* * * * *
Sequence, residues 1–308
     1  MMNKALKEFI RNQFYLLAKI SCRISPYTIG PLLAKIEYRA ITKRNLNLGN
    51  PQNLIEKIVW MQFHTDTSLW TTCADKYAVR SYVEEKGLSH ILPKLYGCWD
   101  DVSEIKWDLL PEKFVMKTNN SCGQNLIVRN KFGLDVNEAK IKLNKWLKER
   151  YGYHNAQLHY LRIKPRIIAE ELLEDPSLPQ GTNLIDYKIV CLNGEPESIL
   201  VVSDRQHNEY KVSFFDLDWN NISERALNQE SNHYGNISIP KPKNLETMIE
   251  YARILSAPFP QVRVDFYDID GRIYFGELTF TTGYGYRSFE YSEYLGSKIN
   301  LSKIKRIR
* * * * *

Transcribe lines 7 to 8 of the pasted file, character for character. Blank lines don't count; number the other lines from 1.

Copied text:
   251  YARILSAPFP QVRVDFYDID GRIYFGELTF TTGYGYRSFE YSEYLGSKIN
   301  LSKIKRIR